Oh occasionally I mean you might have seen on The Footy Show I had that time with Trent Barrett and Wayne Pearce and it was great, that was a very relaxed encounter. We went out walking and then saw a bit of each other during the day. When I do go and watch a match and I'm afraid I can't get there every Saturday, I am usually getting around the country, but I do have the opportunity to do that and of course I also have an interest in, although I've grown up in nominally rugby league and rugby union, I follow the AFL and had great fun at the Centenary Match between Collingwood and Carlton the week before last, at the beginning of all the celebrations in Melbourne. And one of the good things that's happened about football in Australia over the last, I think ten years, is that it's become a bit more Australia-wide. I mean people in other states, other than New South Wales and Queensland now with a bit more interest now in rugby league and of course in New South Wales and Queensland AFL has got strong support. I think that's a good thing. I think some of the old sort of, parochial rivalries in relation to the type of football you play have disappeared.

HARRIGAN:

That's right. You mentioned New South Wales and Queensland, did you get a chance to have a look at the State of Origin?

PRIME MINISTER:

Well I certainly had an opportunity of looking at it on television. I couldn't get to the game, I hope to get to one of the other matches in the series. Yes, well it was quite an overwhelming result and they played extremely well.

GRANT:

Now hang on Prime Minister, we're not going to leave you to Queensland here, but as a Blues' supporter I am sure you are.

PRIME MINISTER:

No I am not. I'm .

GRANT:

[inaudible]

PRIME MINISTER:

No I am not a . I've got to tell you when it comes to State of Origin I don't take sides. I don't. I take sides in relation to my club.

GRANT:

Right.

PRIME MINISTER:

A very passionate thing and of course I madly barrack for Australia whenever they're playing, as the Kangaroos or as the Wallabies. But State of Origin's a bit more . I'm a little equivocal on State of Origin.

GRANT:

Okay. There's a couple of other things in the news. First off, we all remember images of John Fahey when he jumped for joy when we won the Olympic Games, or the right to host them. And of course yesterday he announced he's about to retire following doctor's advice. Many of us will remember him for jumping for joy, but how do you remember John Fahey?

PRIME MINISTER:

Well I certainly remember him for being a very good mate and a very good colleague. But I still see him as that, I mean we all hope he's got years of vigorous life in him. He's had a tough fight, he's had cancer, he's had a lung removed. I mean that is a shattering experience for anybody and he's taken the decision to retire at the next election. We all understand that. We'll be sorry that he's gone. He has been and continues to be a very good Finance Minister. Probably his most famous picture is jumping for joy. It's one of the great political pictures of the last twenty years and it was a great achievement, he led the government that got the games to Sydney and of course those games turned out to be an absolute triumph not only for the city of Sydney but most importantly for the whole of Australia. He'll leave politics when the election is held later this year. He'll leave politics with the good wishes of all of his colleagues and we do hope that he has good health and happiness with his family and whatever else he decides to do in the years ahead. He'll of course continue to follow rugby league which he's a great passionate follower of, the Bulldogs I think, very much so, they're a very great interest and he of course was no mean player in his own time of the game.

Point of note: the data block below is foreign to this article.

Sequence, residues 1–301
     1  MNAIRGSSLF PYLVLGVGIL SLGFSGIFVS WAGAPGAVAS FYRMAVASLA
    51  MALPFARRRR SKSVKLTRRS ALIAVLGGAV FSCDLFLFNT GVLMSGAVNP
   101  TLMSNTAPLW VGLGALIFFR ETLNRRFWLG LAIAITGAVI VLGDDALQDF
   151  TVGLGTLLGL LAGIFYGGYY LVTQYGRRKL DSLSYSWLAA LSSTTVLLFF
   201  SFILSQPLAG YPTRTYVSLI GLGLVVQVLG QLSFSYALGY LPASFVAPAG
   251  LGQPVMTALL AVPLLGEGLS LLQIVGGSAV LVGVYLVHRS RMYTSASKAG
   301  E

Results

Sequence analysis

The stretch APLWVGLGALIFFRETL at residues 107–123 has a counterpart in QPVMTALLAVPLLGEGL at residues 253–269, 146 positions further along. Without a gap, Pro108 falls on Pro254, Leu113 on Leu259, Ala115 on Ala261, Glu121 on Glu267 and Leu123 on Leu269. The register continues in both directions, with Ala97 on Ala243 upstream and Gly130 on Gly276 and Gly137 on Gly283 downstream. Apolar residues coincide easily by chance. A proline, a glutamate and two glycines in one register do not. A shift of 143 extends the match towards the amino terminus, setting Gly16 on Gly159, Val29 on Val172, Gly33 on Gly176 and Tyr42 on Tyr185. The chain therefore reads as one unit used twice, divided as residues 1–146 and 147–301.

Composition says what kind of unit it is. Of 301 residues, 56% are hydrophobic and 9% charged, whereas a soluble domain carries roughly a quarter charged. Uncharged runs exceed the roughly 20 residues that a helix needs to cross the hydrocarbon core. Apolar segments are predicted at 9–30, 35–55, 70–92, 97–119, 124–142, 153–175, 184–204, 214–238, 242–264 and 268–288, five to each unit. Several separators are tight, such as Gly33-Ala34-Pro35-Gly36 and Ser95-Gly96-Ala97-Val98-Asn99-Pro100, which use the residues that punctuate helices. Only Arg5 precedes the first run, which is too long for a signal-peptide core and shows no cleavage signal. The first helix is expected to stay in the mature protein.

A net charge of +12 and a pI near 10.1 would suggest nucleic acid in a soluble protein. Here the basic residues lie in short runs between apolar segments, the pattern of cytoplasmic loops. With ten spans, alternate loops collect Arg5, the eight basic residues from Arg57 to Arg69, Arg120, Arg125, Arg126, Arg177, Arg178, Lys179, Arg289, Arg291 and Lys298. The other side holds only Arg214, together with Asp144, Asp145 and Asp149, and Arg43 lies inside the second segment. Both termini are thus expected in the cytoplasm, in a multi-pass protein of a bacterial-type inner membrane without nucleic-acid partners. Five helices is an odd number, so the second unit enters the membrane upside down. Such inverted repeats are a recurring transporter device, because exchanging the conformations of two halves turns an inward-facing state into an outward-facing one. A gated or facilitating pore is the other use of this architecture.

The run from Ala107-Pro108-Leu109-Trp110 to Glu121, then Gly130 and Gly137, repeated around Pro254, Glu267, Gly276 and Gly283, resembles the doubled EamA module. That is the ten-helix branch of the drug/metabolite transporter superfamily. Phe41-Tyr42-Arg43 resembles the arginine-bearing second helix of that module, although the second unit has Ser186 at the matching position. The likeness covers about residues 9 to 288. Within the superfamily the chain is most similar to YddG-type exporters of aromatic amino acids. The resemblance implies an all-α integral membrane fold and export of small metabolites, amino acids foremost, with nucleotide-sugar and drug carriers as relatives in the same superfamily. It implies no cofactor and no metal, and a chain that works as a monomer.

GRANT:

Now I've heard that [inaudible] asking the question, but it's front page of the Telegraph today - an election in early July?

PRIME MINISTER:

No. I don't know where that came from. There's been no change, my position is that I would want the election at the end of the three years that the Government has been in office. That's my current thinking and nothing has happened since I was last asked that question.

BENNETT:

Prime Minister I think the tough question of the day, you spent time with Trent Barrett and he did a day in the life of the prime minister - I was wondering what would you do if you had to do a day in the life of someone, that you weren't the pm, where would you go?

PRIME MINISTER:

Oh I'd probably find some sporting thing to do.

BENNETT:

Yes?

PRIME MINISTER:

Yes, probably a day in the life of someone, perhaps a Steve Waugh or a footballer or you know, that's the sort of thing..

GRANT:

Prime Minister, we do appreciate your time. We look forward to seeing you here in Newcastle later today. Have an enjoyable trip and tonight we understand it will be the, if things go as planned, the biggest amount of money raised in one occasion for charity ever in the Hunter, ever. So we hope they can .

PRIME MINISTER:

Well that is fantastic and I am so pleased that the whole community will get together on it and that's what Australians are best at doing.

GRANT:

[inaudible] your attendance, so thanks very much.

PRIME MINISTER:

Okay.

GRANT:

And we'll see you tonight. Thank you.

PRIME MINISTER:

Bye bye.

[Ends]

Transcript 11836